Why Among Us Became One of the Biggest Games on Twitch Two Years After Release
Among Us Makes Deceit Despicably FunGames Features Among Us
Subterfuge is a constant in Among Us.
Backstabbing, lying, and turning your friends against each other are the most effective ways to win the game. Don’t let those cute crew member avatars fool you. It’s a game about social deduction and every match is full of drama. Among Us manages to set up a fantastic playing field for interpersonal gameplay that swaps genres from goof central to a John Carpenter movie in two seconds. There are very few moments in a round where you’ll be 100% sure you can trust another player, and that’s what causes the stakes to skyrocket during every interaction.
Among Us came out over two years ago with a modest amount of players, but over the past few weeks it’s started getting major attention online. According to a recent devlog from developers InnerSloth, their active player numbers have recently jumped from 30 to 50 people per hour to 70,000 to 110,000. The massive influx of players prompted the team to launch a merch shop and also announce development on Among Us 2. Quick rounds full of deception and mystery combined with quarantine isolation has made Among Us the perfect storm for Twitch and YouTube right now.
If you don’t know how it works, Among Us is an asymmetrical horror/puzzle game about a space crew that has a murderous imposter(s) aboard the ship with them. Crewmembers are trying to complete tasks via minigames so that they can blast off, while the imposters are doing everything they can to sabotage the journey or kill the majority of the crew to secure their victory. Whenever a body is found there is an automatic meeting called to figure out who the killer is. Those are the only times you can type/talk to the other players in the game; the rest of the time you can only communicate through waddling back and forth. During a meeting you can vote someone out and send them floating into the dark abyss of space, but if there isn’t enough evidence then you can choose to skip the vote. Crewmembers are also allowed to call emergency meetings whenever they like to discuss anything they deem important (I do this a lot because I get scared easily and like to know what my friends are up to). Up to 10 players can play each match and most rounds usually have two imposters. Imposters are outnumbered, but just knowing they’re there is a haunting thought when you’re playing as the crew.
Stats from TwitchTracker
Watching matches play out is an electric jolt to the system. You want the crewmembers to win, but you’re also secretly cheering for the imposter underdog, wondering how they’re going to deceptively wiggle their way into a win. The tension is always tangible; I remember a round where I was the imposter and I sat back and silently won due to crew members infighting and accusing each other of things that I did. It was kinda hilarious. Among Us has this amazing ability to switch tones like its flicking a switch. One moment you’re at a meeting, joking around with your crewmates, and the next you find a corpse and the vibe immediately swaps to high pressure whodunit. It’s a simple premise, but the mind games you can play are actually bonkers.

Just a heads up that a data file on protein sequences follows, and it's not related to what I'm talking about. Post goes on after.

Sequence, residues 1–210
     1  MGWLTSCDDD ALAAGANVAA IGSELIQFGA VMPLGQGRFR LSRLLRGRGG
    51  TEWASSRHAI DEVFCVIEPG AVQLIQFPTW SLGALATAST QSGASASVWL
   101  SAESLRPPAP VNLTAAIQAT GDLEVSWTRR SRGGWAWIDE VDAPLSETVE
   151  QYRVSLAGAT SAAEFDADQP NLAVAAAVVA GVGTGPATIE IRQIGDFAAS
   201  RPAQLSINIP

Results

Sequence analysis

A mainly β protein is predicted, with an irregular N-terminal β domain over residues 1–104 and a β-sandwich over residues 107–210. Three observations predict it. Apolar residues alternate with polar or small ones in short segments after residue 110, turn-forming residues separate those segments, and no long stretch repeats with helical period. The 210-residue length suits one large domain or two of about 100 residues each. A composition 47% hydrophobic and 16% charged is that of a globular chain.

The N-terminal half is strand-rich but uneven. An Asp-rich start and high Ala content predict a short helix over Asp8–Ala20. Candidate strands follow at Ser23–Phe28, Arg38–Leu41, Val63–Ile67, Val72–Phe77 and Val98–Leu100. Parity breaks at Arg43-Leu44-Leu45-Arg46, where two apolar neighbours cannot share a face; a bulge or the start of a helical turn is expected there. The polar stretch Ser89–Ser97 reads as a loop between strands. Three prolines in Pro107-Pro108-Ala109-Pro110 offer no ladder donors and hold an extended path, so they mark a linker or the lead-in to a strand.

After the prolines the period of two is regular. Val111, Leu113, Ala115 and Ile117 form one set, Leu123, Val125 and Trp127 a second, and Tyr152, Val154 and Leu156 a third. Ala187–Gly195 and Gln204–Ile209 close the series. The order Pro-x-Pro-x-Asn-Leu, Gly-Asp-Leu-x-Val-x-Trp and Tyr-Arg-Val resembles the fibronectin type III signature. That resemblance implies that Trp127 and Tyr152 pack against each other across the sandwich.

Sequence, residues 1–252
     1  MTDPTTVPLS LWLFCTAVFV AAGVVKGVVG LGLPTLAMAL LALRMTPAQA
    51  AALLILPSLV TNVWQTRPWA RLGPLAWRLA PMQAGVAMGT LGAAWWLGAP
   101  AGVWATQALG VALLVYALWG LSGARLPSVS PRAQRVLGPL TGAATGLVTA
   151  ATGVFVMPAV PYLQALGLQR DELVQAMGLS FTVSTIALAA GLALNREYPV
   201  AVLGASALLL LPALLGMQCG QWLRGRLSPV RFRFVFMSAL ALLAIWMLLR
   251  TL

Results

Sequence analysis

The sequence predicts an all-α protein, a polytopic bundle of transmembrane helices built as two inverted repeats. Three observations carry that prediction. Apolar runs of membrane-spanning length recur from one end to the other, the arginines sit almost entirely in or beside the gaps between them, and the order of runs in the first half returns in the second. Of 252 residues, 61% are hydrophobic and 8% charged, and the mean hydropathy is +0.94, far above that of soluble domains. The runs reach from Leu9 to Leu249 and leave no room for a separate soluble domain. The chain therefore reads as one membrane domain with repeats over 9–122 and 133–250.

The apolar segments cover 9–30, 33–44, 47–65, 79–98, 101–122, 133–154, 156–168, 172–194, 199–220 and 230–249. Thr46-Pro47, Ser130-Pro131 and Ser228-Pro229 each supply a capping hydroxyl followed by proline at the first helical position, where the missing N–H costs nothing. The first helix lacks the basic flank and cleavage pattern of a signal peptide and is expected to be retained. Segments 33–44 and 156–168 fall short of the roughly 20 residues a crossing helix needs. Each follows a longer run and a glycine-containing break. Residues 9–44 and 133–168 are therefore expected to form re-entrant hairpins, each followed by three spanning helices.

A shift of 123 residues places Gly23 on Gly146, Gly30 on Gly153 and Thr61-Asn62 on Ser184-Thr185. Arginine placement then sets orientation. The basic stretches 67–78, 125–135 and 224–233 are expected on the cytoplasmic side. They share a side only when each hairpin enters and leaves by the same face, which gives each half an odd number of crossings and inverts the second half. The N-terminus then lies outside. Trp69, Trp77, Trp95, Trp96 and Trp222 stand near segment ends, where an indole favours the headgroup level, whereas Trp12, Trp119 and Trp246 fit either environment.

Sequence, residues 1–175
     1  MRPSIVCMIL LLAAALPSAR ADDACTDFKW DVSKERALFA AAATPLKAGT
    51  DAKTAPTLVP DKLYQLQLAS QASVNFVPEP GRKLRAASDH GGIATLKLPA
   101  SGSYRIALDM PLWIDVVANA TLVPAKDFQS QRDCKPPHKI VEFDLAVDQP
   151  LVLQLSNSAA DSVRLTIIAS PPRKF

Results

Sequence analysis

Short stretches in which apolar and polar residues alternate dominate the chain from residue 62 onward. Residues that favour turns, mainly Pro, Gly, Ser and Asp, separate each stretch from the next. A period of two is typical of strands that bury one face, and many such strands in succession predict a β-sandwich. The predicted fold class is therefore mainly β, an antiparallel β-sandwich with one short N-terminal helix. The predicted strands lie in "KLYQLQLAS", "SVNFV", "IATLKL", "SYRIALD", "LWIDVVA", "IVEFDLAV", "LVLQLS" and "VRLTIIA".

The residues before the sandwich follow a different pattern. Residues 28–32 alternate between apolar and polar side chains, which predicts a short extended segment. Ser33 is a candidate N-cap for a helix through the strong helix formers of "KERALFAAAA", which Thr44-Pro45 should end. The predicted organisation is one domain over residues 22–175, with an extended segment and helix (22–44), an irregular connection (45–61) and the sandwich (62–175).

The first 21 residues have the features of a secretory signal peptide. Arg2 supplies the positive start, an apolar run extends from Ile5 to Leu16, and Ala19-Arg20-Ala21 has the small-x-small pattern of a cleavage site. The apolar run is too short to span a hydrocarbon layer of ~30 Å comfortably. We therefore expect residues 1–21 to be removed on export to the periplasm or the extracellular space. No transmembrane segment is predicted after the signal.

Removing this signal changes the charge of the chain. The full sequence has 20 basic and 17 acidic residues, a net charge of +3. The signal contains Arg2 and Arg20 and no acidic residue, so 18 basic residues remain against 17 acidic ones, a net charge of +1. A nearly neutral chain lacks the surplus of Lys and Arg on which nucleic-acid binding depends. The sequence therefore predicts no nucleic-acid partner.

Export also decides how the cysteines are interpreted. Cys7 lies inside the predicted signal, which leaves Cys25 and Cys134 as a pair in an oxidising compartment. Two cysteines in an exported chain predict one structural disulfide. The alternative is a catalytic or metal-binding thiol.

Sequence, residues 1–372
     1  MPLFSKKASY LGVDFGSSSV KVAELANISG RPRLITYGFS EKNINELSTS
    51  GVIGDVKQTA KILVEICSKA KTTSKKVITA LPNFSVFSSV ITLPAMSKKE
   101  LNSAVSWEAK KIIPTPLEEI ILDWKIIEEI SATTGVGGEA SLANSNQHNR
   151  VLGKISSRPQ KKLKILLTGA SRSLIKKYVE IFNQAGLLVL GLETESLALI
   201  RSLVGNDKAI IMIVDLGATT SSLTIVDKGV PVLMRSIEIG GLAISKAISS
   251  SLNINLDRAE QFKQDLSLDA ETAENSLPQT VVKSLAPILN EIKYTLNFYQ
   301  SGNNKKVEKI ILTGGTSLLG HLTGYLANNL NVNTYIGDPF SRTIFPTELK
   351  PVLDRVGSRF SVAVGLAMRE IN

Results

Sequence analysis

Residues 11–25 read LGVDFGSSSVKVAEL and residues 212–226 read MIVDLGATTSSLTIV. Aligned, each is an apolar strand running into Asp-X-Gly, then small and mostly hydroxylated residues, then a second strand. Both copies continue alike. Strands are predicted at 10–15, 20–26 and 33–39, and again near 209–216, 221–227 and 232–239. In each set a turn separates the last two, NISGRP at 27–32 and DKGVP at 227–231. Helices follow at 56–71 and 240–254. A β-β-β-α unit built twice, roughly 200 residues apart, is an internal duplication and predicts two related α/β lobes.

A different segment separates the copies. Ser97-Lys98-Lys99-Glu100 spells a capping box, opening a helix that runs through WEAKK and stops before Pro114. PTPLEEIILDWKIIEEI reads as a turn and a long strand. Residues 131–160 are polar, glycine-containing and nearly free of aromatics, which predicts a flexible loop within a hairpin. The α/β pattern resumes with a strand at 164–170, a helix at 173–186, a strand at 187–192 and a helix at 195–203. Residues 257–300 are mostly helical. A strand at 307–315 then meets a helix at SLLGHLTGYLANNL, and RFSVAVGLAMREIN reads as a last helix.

It allows for some truly insidious strategies. There’s a self-report feature that’s really funny, it gives the imposter the option to report the body after making a kill. If the imposter plays their cards right they could get people to believe they’re innocent, and just found the body laying there. It’s a chaotic play that spells horrible news for crewmembers, especially the unlucky souls who don’t have an alibi. Another flabbergasting play is the double kill. Some imposters will innocuously group up and follow two crewmembers into a room they deem safe (due to four players in it) only to get tag-team assassinated. It’s a cold world in Among Us. Don’t trust anybody, not even yourself.
I like to dress my character as a minion.
Similar to Town of Salem and the drama/theatre game Mafia, Among Us is a virtual party game where people’s playstyles are a direct reflection of their personalities. There are players that are task-oriented and will go off alone and try to complete everything as fast as possible. Conversely, there are players that take on a detective role, embodying their inner Nancy Drew and take command during meetings to figure out which players are imposters.
There is no “right” way to play the game. The game’s lobby offers a plethora of customization options from player speed to imposter’s vision range to the amount of emergency meetings available. That freedom to play how you want to play, and try wacky strategies and schemes is one of the reason’s the game has appealed to such a massive amount of people.
Most of us are still stuck inside, but people still want that social interaction. While games aren’t a proper substitute for that, they’ve been a nice way to safely spend time with friends and provide something to collectively get excited about. Among Us is a great, accessible, and thrilling example of that right now. It’s so entertaining to watch and play with strangers and friends alike because each match is innately messy and full of intrigue. If you haven’t given it a try yet, you should. Solving space crimes with pals every once in a while is a nice way to slice through the everyday mundanity while connecting with people (even if they might stab you in the back).
Funké Joseph is a non-binary black writer and artist. Check out their goofs @funkefly.